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Archive for the 'Crochet-Along' Category


Colorfully Modern Cardigan Crochet-Along #4: Blocking, Seaming, and Surface Stitches

September 11th, 2013

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Colorfully Modern Cardigan Crochet-Along #4: Blocking, Seaming, and Surface StitchesHi guys! I see a lot of you have finished your cardigans already. Looking good! Don’t forget to post pictures.

[Editor's Note: Click here to see photos in our Ravelry group, and if you'd like to leave a photo here on the blog, click in the commenting box and you'll see a little "mountain range" icon. Click it to browse to your photo on your computer and upload it to your comment.]

I considered making the sleeves a little longer, but in the end, I decided in the end to make them the same length as in the pattern. However, if you’d like to lengthen your sleeves, it should be pretty easy to do.

Lengthening the Sleeves

The easiest way to lengthen the design is to just work the number of chains for your size and work even until your sleeve has however much longer that you’d like than the one in the pattern, then follow the pattern as set.

The pattern schematic tells us that the sleeve-to-armpit measurement is 9 inches for all sizes. Let’s say that I want my sleeve to be 16.5 inches (16 to 17 inches is a standard length for women’s sleeves). That’s 7.5 more inches. Our pattern gauge tells us that each row is 0.31 inches (4 inches ÷ 13 rows = 0.31 inches per row).

7.5 inches ÷ 0.31 inches per row = 24.19 rows

Our color repeat is ABCDED and each color is used for 2 rows, so 24 rows is two full sets of all of the colors. Therefore, I’d do 24 rows straight, before following the pattern as set. (If you want to make your sleeves longer or shorter, you may need to do a partial repeat of the color pattern, so be sure to plan for that.)

Tips on Blocking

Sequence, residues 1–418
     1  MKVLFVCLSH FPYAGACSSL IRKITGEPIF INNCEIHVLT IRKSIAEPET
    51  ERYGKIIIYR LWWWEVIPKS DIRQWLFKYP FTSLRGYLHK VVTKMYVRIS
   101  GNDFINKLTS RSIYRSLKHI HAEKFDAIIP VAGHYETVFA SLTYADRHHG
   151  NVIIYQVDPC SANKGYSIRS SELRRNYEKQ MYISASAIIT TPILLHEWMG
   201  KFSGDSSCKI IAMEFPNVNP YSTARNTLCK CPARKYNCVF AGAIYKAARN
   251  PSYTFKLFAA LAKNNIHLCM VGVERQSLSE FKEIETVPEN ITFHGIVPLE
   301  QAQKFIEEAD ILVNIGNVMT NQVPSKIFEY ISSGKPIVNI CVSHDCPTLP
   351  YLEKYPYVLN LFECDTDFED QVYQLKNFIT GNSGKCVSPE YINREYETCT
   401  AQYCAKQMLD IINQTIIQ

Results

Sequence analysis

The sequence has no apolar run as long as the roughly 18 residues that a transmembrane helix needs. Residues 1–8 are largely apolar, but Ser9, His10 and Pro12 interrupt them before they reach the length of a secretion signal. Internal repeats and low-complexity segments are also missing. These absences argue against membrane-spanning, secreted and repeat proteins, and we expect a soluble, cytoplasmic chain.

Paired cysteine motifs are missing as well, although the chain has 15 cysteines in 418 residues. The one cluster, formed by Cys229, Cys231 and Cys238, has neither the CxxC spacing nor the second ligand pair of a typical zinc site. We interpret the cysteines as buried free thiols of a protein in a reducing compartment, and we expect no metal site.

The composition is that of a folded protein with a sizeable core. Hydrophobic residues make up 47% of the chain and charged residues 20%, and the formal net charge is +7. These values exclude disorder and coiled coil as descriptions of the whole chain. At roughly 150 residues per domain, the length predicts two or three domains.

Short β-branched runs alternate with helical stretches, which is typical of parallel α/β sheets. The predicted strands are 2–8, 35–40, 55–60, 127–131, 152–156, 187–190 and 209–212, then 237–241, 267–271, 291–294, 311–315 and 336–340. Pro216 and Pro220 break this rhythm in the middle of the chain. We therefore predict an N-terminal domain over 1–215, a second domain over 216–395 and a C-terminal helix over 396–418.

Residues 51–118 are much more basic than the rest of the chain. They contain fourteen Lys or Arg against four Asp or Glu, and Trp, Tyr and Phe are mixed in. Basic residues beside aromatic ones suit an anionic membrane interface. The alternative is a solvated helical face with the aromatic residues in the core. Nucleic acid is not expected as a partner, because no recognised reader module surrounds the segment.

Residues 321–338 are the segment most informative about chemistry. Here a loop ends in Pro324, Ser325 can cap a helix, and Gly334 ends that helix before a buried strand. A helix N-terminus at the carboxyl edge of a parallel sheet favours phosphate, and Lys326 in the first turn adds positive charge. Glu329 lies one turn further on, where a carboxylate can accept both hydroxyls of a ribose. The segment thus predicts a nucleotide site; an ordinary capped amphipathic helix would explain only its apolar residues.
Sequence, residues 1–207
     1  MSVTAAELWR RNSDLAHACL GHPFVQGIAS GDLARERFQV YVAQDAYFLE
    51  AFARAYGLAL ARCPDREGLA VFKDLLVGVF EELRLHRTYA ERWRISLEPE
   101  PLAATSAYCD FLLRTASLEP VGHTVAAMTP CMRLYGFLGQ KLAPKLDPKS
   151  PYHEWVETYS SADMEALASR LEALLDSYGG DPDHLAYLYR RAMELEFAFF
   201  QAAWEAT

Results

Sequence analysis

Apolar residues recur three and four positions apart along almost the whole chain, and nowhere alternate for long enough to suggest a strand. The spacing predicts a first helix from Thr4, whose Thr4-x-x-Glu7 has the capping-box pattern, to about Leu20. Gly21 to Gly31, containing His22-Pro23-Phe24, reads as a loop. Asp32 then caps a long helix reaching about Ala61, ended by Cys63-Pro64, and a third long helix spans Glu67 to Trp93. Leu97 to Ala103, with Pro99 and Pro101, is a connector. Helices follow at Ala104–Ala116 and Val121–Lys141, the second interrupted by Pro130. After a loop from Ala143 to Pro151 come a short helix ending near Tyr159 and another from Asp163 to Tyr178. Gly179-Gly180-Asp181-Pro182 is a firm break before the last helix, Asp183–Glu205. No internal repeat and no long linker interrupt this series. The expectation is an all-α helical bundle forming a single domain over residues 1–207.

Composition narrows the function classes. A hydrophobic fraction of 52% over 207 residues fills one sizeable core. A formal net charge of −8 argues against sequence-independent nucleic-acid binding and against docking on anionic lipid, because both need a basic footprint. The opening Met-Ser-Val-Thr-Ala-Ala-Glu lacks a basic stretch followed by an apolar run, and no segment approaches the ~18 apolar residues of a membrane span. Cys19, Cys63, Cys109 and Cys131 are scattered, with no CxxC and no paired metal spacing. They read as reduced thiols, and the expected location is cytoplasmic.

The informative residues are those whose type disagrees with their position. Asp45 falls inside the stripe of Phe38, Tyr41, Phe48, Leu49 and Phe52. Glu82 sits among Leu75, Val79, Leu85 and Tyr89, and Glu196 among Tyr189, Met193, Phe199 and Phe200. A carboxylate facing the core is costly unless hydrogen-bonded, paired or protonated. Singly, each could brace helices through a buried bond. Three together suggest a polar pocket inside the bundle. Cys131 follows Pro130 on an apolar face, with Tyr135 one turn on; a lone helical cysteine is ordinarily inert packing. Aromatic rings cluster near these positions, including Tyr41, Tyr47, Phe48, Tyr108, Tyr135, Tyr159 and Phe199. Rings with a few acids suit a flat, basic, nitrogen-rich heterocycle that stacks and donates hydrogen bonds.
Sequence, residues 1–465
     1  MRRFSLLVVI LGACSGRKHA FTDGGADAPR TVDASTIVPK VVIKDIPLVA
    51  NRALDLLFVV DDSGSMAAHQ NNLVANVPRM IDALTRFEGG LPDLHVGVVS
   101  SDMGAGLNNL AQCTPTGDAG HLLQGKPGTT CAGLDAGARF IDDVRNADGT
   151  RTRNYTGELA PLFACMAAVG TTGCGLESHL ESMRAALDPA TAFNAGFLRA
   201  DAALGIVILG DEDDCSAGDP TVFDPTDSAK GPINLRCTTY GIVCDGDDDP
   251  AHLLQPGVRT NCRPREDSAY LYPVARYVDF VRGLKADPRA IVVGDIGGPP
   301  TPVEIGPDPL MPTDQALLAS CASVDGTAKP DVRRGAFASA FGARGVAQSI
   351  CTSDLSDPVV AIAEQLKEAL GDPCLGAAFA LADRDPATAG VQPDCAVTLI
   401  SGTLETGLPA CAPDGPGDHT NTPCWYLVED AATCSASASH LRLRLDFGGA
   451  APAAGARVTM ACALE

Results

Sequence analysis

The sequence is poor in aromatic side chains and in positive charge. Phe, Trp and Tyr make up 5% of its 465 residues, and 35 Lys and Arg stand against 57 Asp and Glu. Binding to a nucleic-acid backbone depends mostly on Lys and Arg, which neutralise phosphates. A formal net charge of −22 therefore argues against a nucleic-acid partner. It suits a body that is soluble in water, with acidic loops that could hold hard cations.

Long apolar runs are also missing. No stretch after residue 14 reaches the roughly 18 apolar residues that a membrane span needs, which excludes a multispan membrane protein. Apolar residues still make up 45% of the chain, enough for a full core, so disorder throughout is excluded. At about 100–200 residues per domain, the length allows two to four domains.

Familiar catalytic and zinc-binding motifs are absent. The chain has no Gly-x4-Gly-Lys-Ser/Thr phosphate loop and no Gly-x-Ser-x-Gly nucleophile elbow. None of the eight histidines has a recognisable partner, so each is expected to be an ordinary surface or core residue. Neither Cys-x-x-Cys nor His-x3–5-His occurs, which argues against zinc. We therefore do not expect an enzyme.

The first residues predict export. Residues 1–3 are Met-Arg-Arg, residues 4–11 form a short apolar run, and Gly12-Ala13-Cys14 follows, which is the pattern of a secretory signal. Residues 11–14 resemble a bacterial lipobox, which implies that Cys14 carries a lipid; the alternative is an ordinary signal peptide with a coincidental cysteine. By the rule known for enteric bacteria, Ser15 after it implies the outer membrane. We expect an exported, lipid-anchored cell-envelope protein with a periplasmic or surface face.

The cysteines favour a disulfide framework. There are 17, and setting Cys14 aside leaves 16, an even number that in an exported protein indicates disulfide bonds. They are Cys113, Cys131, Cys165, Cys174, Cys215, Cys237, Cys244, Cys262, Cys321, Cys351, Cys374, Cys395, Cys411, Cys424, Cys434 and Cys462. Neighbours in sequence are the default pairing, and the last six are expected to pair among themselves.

After the sleeves,  I had all the pieces finished, so it was time to block. Don’t skip this step! It can make your garment look much more professionally-made and neaten up any uneven stitches. While you can block after your entire garment is done, many people find it helpful to block your garment before sewing it together, as this way you can correct the measurements of any part where your tension may have changed a little.

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Colorfully Modern Cardigan Crochet-Along #3: The Fronts and Pockets

September 4th, 2013

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Colorfully Modern Cardigan Crochet-Along #3: The Fronts and Pockets | Lion Brand NotebookHi everyone! I hope you guys had a great holiday weekend and those sweaters are coming along nicely! This week I was busy making the fronts of my cardigan. I know a few of you wondering about how the pockets join to the body, so we’ll start with that.

Making the Pockets

I had a little trouble joining the pockets, as I just assumed I knew what to do, so I didn’t read the pattern carefully, and kept wondering why I didn’t have enough stitches left at the end! Learn from my mistake! To join the pocket-lining, work the number of stitches required for your size, on the body of the cardigan as normal (this is a wrong side row, so it’s all in single crochet), then skip the first stitch of the pocket lining (this is where I kept going wrong!) and work across the top of the lining, skip the last stitch and skipping 17 body stitches from the first join, single crochet in the next body stitch and work to the end.

Colorfully Modern Cardigan Crochet-Along #3: The Fronts and Pockets | Lion Brand Notebook
 Click the photo to enlarge.

Colorfully Modern Cardigan Crochet-Along #3: The Fronts and Pockets | Lion Brand Notebook
 Click the photo to enlarge.

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Colorfully Modern Cardigan Crochet-Along #2: Making the Back & Changing Colors

August 28th, 2013

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CALbadgeHi everyone! I’ve been very impressed by all the pictures I’ve seen of your projects so far and so many great color combinations!

[Editor's Note: Click here to see photos in our Ravelry group, and if you'd like to leave a photo here on the blog, click in the commenting box and you'll see a little "mountain range" icon. Click it to browse to your photo on your computer and upload it to your comment.]

Making the Back & Changing Colors